Colour Rendering Index (CRI) Of Every Light Source

Colour Rendering Index (CRI) is a measurement of how accurately a particular light source’s light reflects on objects in comparison to natural light, that being the sun’s light.

CRI is measured on a scale from 0-100 where 0 means no accurate light reflection at all and 100 is a perfect light quality score. For a more in-depth explanation of the CRI system and its importance, we would like to direct you here.

That being said, there is a wide variety of light sources that all have different CRI ratings. Here we will attempt to cover the most common light sources and assess their own individual CRI rating.


CRI Of Daylight

Daylight is considered the most natural light source of them all, as well as the most important one. These are some of the reasons why they made CRI use natural sunlight as its baseline for a perfect colour reflection. So, seeing the importance of sunlight to CRI it is fitting to discuss this first.

Sunlight has a CRI of 100, which is considered a perfect score on the CRI scale. This may however change throughout the day as the sun sometimes gets filtered through gasses or pollution and may lose some colour because of that, but it generally stays in a range of CRI 98-100.

The reason why air pollution can decrease is that the white light from the sun may lose some parts of its energy when transferring from itself air to gas, meaning that some wavelengths will become longer and therefore change their colour slightly.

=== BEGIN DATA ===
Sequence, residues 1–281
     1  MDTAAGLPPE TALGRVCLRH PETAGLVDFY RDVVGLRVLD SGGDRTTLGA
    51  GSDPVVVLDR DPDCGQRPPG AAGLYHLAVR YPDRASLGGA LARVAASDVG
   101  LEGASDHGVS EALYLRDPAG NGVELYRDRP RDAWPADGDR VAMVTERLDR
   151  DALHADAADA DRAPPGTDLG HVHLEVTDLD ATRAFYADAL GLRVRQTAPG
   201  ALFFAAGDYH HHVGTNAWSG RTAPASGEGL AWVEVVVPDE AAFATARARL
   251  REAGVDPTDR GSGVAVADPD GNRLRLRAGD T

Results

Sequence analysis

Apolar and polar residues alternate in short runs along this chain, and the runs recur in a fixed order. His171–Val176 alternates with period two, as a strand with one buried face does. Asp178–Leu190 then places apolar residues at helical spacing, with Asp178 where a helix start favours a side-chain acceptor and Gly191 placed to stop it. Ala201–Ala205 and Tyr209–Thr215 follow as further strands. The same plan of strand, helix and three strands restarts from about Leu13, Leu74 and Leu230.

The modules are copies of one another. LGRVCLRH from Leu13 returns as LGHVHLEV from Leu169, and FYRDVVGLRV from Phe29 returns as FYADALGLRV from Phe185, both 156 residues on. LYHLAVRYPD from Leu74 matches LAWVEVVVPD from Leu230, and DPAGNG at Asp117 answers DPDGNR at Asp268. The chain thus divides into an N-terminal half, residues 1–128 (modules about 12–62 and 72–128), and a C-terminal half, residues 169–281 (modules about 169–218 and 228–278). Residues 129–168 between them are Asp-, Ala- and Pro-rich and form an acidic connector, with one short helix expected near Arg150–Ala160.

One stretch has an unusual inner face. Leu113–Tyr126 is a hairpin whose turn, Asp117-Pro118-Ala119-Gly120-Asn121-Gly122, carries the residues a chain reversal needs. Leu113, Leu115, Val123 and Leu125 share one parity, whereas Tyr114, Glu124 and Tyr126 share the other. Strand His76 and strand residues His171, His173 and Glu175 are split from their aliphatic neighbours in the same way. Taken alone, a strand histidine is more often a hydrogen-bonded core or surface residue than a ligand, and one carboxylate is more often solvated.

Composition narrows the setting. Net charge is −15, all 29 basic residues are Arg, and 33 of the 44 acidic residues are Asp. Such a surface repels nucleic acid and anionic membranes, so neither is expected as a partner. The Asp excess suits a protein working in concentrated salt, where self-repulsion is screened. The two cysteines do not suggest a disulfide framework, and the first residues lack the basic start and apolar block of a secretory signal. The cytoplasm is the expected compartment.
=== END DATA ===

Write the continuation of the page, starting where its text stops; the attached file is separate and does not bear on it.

It is also important to note that the Kelvin (K or CCT) temperature of the sun will also change throughout the day, which can matter a lot in this context. It matters because the spectral distribution of sunlight changes depending on what time of day it is.

This is why the sun’s CRI is not only measured as an average but instead at different Kelvin temperatures, in order to make a fair comparison to different light sources that naturally have a warm or cold light.

CRI Of Candlelight

Another historically significant light source is candlelight. Candles have been used for hundreds of years and give off a warm and comforting source of light, but how good is it actually at reflecting light to its original colour?

Candlelights are very good at reflecting colours. Candlelight has a CRI of 100, which is a perfect score on the scale. This is because candlelight is classed as a blackbody radiator, which all by default have a CRI rating of 100.

While there is a lot of science behind what a blackbody radiator actually is, it can more easily be described as something that emits light via a glow or burning of some kind.

The reason why blackbody radiators have a perfect CRI rating is that the sun is also a blackbody radiator. This means that comparing candlelight to daylight is essentially like comparing the same thing to itself. Since the CRI scale is based on the sun it also means that all blackbody radiators by default have a perfect CRI rating.

CRI Of Incandescent Bulbs

While the candlelight has a lot of historical significance, the incandescent bulb is truly one of the gateway inventions that led industries and society to evolve the way it has, as it was a way to produce a significant amount of light anywhere at any time. But how good are these old bulbs at reflecting light accurately?